The death and veneration of Michael Jackson reminds me of my favorite medieval saint: Saint Guinefort.

In the thirteenth century, a Dominican friar by the name of Etienne de Bourbon was preaching in the village of Sandrans, near Lyon, when he heard during confession that many of the local woman had taken their children to Saint Guinefort. Etienne had never heard of this saint, and wanted to learn more, so he investigated.

Much to his surprise, he discovered that Saint Guinefort was actually a dog . . . a greyhound, in fact. As the hagiography of Guinefort goes, he was a dog on a large estate. One day, when his master and mistress had left the house, a snake entered into the castle and began to approach the baby’s cradle. Guinefort attacked and killed the snake, and was badly hurt himself in the fight. He stayed to guard the cradle, and so when the parents returned, they found the cradle knocked over, and both dog and cradle covered in blood. Assuming that Guinefort had attacked the baby, the lord killed him with his sword—only to find the baby safe and unharmed, and the corpse of the serpent torn to pieces.

Realizing their error, they made a shrine for the unjustly-slain Guinefort’s corpse, and began to venerate it. Etienne was none too impressed with the locals’ veneration of a dog as a saint, so he made them destroy the shrine and burn the remains of Guinefort—but that apparently did not end the cult of St. Guinefort, because it survived all the way into the twentieth century. If this story seems familiar, it may be because a version of it is found in the Disney film, Lady and the Tramp .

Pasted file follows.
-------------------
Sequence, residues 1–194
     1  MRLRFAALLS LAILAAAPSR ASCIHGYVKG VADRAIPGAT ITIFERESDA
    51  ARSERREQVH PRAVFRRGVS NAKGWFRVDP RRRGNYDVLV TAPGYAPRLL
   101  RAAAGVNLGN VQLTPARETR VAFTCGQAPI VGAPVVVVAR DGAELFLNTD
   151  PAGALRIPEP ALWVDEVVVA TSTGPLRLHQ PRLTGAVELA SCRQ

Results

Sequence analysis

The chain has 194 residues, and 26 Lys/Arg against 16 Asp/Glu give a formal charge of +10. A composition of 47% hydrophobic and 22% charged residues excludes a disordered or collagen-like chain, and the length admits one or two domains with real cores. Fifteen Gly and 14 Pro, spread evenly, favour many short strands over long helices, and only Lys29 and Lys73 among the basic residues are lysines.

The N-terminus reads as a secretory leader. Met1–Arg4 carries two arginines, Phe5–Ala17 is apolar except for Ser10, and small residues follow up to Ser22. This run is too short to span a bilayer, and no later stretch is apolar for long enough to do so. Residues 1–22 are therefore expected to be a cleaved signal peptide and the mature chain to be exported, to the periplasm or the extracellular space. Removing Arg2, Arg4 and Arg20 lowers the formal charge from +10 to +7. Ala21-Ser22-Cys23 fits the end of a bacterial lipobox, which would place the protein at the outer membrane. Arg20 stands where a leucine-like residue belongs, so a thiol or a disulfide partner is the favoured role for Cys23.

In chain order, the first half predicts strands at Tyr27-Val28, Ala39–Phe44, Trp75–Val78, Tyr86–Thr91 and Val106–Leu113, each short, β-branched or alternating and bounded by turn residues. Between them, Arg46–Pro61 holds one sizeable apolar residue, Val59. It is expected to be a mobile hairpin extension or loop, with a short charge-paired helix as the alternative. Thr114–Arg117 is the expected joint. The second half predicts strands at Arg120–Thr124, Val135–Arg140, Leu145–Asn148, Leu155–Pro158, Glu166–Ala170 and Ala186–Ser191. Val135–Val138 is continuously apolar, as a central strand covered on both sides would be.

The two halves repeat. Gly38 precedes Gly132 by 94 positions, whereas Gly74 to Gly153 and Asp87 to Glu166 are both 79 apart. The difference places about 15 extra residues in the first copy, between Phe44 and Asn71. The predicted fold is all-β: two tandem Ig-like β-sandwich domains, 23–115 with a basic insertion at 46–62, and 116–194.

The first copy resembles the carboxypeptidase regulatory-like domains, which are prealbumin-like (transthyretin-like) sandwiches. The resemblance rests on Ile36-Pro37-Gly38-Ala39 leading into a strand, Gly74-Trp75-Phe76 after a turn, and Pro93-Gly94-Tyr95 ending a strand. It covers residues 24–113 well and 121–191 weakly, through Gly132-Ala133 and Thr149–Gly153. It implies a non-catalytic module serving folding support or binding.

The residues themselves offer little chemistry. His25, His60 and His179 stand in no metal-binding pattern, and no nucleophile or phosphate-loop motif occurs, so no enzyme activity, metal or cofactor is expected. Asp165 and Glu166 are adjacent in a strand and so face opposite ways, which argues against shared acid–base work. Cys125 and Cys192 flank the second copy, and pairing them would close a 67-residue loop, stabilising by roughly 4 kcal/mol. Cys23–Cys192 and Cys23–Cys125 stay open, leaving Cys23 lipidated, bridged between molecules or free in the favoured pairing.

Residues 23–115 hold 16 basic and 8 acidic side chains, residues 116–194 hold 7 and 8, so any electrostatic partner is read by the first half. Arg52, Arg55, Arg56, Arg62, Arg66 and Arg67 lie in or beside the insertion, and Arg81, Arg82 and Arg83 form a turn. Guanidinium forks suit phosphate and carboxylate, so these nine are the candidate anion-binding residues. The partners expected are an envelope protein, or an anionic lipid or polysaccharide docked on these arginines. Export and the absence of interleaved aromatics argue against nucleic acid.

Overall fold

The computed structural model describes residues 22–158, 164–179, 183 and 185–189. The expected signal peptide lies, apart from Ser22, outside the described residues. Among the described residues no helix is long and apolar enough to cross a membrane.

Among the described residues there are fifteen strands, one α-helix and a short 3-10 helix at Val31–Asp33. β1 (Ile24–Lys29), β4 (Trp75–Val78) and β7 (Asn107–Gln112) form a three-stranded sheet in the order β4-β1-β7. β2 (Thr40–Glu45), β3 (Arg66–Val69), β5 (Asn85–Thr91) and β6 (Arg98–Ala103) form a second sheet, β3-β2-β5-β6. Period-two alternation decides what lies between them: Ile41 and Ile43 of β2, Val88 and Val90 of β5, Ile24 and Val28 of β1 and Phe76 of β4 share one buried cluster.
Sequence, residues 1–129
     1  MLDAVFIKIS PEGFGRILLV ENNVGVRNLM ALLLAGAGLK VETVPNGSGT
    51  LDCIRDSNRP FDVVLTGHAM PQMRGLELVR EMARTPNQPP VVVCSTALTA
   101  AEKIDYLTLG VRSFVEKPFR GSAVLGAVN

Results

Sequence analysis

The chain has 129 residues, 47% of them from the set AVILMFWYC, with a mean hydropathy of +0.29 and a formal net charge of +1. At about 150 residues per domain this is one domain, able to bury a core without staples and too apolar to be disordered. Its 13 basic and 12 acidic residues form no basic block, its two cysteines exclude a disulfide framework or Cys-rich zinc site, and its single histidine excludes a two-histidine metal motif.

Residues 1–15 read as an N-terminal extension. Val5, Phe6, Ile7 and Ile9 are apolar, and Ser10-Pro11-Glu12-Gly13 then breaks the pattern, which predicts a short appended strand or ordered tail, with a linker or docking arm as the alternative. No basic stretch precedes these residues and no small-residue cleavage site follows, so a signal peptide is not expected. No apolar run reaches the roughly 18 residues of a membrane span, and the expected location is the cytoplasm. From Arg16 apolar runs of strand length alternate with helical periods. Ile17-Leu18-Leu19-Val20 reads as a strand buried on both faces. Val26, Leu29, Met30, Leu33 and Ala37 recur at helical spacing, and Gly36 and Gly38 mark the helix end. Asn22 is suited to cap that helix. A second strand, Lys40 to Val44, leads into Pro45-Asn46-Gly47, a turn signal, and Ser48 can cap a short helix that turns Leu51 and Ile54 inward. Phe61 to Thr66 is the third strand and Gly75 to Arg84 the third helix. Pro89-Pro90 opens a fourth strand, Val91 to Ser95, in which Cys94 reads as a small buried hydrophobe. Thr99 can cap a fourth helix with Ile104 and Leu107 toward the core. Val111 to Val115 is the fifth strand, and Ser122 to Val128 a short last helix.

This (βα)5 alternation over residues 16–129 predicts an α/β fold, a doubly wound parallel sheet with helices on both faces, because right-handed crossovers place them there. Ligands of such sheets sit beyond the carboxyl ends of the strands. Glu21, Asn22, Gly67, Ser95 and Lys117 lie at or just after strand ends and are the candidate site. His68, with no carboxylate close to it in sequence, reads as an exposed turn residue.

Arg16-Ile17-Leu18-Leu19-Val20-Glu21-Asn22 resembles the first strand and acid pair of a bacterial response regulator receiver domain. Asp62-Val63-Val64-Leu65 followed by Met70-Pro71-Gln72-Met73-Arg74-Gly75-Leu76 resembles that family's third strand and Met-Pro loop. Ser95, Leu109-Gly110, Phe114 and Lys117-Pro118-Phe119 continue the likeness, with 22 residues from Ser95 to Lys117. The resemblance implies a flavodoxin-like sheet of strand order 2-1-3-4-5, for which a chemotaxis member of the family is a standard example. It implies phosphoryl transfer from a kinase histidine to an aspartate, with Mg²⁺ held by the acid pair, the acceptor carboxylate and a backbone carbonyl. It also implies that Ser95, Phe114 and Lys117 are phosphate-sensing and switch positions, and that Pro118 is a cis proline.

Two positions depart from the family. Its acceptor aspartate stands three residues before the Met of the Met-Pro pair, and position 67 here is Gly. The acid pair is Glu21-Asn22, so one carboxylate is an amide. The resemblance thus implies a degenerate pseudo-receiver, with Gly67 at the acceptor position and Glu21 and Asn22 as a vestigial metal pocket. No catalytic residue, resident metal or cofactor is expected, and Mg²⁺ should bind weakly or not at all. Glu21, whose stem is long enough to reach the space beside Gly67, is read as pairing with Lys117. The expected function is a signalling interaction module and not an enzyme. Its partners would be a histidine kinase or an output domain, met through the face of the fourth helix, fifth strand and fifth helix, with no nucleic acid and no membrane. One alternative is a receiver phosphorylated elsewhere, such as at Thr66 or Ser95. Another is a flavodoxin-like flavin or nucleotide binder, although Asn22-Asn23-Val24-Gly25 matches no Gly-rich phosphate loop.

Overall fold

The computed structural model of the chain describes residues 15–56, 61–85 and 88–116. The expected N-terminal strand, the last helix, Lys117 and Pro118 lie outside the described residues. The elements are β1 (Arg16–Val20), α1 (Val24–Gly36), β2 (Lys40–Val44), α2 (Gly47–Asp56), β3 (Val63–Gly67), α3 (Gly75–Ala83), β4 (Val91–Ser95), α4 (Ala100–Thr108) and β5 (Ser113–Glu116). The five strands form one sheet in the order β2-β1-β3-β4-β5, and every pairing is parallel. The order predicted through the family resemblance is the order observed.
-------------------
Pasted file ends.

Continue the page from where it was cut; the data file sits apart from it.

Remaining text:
Many commentators have expressed dismay at the veneration of Michael Jackson as some sort of martyr to celebrity, and he appears to be heading to the pantheon of celebrity with such figures as Princess Diana, James Dean, and Marilyn Monroe, where the veneration of the saints is continued on through kitschy commemorative plates and coins. Some see this as a failure of our society.

I see the cult of Jackson, like the cult of Guinefort, as a failure of the Church.

In both cases, the cults were propelled by two engines: the ignorance of the people, and the desire to venerate. As with the angels, we are created as creatures of praise. We seem to be hardwired to praise something, to worship anything. Just as we will eat rotten food and filthy water if no healthy food and clean water are available, we will venerate dogs and celebrities if we see no truly worthy objects of veneration before us.

Etienne’s effort to stamp out the cult of Guinefort failed because he did not address the need of the people to venerate. Their impulse was good; it was simply directed at the wrong object and without providing a new object for veneration, Etienne was dooming the people of Sandrans to eventually drift back to their old ways.

It does the Church little good to cluck and shake our heads at the dismaying display of veneration for Michael Jackson, for in truth he is a martyr, a martyr to our culture’s true god: Celebrity. If we simply cut down Celebrity’s Asherah poles—John & Kate, Paris Hilton, Barack Obama—we leave the job half-completed, ensuring new idols will spring up in their place. If we take away rotten food and filthy water, we must replace it with healthy meat and milk. The worship of false saints, be they greyhounds or pop stars, needs to be replaced by the worship of the Lord. As the Philistines found with their idol Dagon, false idols cannot stand in the face of the one true Lord (1 Sam 5:2-5).

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